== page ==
Super depressing article. Take a look at the map of % jobs lost to automation by 2035. Circle size indicates total # jobs per MSA (unclear whether this is jobs as of 2013, jobs as of 2017, or predicted for 2035). The St. Louis MSA has a radius of roughly 50 miles centered on downtown (based on a quick Google Maps measurement). Note that the circle for St. Louis is larger than the circle for Indianapolis. This seems to indicate that St. Louis has more jobs within 50 miles of downtown than Indianapolis has in its entire MSA, in contrast to the data presented here.


  • Joseph Frank

    Of course, I agree downtown is struggling as an employment center, and of course the population center of the MSA trudges slowly westward. But I would submit the employment center is still somewhere east of Lindbergh. The job density in Earth City and West Port areas is nowhere close to that in Clayton and the Kingshighway medical campus. Downtown is less important than it once was, but we have also seen the loss of thousands of manufacturing jobs in Hazelwood and Fenton. So I think the westward shift in employment is less pronounced. Also Express Scripts moved from Riverport to Cool Valley and grew significantly, although their headcount comes and goes due to their cost cutting. However hundreds of A-B and AT&T jobs left the City proper, many leaving the metro area entirely. Retail is going through massive disruption that 2014 data do not reflect.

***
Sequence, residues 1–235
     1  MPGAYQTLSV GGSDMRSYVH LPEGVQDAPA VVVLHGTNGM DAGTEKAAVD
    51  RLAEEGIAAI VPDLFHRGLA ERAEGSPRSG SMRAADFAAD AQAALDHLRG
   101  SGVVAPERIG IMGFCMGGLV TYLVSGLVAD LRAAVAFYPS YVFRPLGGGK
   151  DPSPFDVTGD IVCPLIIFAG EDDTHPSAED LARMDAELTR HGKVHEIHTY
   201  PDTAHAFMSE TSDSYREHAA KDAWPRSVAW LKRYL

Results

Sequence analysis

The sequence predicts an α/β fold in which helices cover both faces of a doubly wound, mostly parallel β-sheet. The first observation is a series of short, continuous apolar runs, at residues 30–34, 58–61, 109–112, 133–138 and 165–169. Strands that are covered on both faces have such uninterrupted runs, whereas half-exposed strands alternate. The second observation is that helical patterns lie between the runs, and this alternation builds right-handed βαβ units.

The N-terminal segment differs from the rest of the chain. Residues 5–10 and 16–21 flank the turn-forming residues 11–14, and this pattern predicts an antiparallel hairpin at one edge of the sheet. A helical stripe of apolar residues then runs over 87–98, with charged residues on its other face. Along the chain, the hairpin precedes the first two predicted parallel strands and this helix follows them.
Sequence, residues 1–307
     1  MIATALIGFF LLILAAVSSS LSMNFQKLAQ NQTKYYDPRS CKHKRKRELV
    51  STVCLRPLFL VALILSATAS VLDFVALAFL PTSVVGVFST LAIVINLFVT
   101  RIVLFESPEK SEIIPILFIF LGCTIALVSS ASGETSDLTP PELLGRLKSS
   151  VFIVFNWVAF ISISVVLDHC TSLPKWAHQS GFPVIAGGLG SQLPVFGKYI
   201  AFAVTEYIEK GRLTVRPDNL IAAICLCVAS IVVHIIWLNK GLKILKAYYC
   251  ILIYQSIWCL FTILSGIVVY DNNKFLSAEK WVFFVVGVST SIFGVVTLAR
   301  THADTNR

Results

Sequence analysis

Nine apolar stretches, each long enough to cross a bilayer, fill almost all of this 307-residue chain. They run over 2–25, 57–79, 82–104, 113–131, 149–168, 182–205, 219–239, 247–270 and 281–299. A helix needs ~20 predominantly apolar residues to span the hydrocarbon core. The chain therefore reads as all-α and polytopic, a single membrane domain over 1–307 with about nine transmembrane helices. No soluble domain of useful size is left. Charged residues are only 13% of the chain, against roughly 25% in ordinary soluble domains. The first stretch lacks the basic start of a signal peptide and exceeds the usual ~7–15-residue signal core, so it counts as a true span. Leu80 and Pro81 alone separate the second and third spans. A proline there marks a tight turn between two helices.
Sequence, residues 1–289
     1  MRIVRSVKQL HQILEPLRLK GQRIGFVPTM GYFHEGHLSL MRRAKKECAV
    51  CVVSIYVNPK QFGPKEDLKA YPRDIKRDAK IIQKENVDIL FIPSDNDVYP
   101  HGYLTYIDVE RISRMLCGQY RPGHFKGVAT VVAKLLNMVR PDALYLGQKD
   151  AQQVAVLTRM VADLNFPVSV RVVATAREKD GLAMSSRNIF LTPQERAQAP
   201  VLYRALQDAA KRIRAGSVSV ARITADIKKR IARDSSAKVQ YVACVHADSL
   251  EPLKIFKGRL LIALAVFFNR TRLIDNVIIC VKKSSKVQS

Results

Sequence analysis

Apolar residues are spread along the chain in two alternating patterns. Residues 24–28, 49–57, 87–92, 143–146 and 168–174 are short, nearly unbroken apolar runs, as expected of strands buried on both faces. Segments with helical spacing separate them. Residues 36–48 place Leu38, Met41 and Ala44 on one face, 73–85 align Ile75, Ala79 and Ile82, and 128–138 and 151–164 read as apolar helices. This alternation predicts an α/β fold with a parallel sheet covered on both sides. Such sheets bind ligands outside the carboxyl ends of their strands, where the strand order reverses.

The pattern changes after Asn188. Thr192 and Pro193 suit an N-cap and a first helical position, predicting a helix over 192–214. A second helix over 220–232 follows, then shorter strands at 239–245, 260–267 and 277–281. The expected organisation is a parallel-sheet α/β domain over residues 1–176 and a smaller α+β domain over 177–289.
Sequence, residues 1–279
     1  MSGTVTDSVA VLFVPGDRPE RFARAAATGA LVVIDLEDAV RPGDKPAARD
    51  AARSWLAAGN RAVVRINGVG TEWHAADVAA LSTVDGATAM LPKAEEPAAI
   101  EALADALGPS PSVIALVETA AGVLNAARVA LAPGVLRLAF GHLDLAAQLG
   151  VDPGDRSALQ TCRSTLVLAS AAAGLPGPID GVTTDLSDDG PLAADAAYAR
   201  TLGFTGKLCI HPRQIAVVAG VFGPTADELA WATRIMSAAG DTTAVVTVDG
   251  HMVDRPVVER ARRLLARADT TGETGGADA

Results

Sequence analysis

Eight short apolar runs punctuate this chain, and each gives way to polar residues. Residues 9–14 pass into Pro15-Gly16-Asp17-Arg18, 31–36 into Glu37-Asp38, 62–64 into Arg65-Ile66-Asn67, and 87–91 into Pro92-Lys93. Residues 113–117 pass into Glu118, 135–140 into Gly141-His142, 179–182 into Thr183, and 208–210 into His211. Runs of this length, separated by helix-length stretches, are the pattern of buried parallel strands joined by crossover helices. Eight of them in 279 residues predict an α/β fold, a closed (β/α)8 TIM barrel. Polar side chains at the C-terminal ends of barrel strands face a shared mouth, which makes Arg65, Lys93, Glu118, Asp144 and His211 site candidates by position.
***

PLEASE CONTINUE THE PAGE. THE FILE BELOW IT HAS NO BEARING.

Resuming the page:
• This analysis is worthless, because it’s not regional.

  • StillGood

    A major jobs center may not be where the highest population (residential) center is located or even where the major social/community gatherings are held. Where people work, live, and gather for social purposes may vary widely.

    So what I understand is that the jobs center (bulk or concentration of jobs) has shifted out of downtown STL. The new center for jobs is “somewhere between Olive Boulevard and I-64 along I-270”. What is the significance if the bulk of jobs are not located in a downtown location? Downtown is still a major center for social/community gatherings (concerts, festivals, marathons, baseball/hockey games, holiday events). There are downtown jobs for sure but downtown does not have the highest concentration of jobs in the region is what you are saying. The jobs are still in the region so still good. There could be periods of dispersal and then concentration as part of a changing city/region.

  • Adam

    Alex, I’m still confused about these charts. If these are all primary jobs within 50 miles of downtown I don’t see how the numbers add up. 50 miles contains roughly the entire STL metro of 2.8M versus roughly the entire Indy metro of 1.5M, yet Indy has 225K more jobs within that radius? How is that possible?